Although new wave was still two years away, the London music scene of 1975 wasn’t all Queen and the Rolling Stones; pub-rock bands were making fresh and exciting music, laying the groundwork for more radical outfits to follow. Some included musicians whose skills came in very handy when the punk wave slammed into the British music industry dam in 1977. Kilburn and the High Roads, named for an English road sign, included Ian Dury, saxman Davey Payne (a future Blockhead) and Keith Lucas, who changed his name to Nick Cash and founded the group 999. During a commercially frustrating career that lasted from 1970 to 1976, the Kilburns were cult-popular and influential, not commercially significant. Still, their records are neat reminders of a fine, original band.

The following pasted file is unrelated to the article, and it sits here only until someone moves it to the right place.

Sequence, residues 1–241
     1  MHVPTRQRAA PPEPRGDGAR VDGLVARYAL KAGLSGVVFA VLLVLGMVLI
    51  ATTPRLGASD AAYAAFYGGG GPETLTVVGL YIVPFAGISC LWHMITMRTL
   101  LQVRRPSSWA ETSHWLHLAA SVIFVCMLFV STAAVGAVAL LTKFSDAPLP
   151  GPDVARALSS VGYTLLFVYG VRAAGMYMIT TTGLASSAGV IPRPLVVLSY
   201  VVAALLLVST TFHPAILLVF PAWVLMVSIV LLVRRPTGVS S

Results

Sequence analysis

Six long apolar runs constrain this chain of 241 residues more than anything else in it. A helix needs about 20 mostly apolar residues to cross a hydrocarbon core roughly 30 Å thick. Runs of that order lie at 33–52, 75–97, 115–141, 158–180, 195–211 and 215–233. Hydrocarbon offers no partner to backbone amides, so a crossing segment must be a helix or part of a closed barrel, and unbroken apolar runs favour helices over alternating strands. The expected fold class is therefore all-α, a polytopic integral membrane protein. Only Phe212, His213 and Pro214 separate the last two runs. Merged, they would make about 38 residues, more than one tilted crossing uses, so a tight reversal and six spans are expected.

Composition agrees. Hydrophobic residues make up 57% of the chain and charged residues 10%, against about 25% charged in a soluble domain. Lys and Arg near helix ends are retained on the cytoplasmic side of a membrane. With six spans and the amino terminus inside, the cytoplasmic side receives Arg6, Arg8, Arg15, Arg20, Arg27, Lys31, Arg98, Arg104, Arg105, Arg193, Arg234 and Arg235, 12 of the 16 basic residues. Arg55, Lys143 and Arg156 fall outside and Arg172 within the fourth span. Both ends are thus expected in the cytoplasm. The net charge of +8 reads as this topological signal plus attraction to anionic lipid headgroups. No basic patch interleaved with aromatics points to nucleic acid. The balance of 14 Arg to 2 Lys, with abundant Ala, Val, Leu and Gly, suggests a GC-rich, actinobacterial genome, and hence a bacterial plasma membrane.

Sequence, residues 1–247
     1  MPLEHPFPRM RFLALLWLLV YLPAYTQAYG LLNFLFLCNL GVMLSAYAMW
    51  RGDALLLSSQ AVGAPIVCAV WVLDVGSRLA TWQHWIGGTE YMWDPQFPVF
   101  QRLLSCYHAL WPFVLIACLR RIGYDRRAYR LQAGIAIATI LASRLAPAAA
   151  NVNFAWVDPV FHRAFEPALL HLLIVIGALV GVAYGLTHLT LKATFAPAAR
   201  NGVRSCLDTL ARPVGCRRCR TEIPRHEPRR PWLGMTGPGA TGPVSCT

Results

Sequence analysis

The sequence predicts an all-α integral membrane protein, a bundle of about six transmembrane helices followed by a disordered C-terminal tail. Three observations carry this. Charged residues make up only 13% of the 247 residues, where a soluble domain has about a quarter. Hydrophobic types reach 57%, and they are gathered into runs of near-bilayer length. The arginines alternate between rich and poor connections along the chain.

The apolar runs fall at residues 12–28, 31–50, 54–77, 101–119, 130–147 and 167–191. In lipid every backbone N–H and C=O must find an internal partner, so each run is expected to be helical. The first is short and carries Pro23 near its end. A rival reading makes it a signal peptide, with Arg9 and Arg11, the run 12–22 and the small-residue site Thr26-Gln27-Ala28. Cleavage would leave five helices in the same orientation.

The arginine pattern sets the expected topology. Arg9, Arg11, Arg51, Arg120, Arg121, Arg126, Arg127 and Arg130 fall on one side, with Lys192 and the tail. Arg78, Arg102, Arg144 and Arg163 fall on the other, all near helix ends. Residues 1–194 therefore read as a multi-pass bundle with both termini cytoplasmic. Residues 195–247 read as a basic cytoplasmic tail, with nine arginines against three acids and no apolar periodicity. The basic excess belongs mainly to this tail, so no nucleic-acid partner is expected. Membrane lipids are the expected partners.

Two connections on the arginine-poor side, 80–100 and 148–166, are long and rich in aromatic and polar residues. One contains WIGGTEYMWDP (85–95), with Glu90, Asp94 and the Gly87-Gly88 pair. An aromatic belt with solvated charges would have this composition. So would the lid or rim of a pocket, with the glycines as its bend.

An album cut in 1974 was shelved due to record company politics, which made the band’s debut its second recording. (That lost first LP, Wotabunch!, was later dredged up and finally released after Dury’s solo career took off.) The subsequently recorded Handsome contains much of the same material (co-written by Dury and pianist Russell Hardy) that the group had used the first time. Got that?
Handsome is musically low-key, featuring Dury’s clever Cockney wordplay and a bit of high-powered blowing from Payne. Although not above some raving, the debonair album is overly understated, touching on both rockin’ ’50s styles and dapper ’40s lounge subtlety.
Upminster Kids is a reissue of Handsome with several tracks deleted.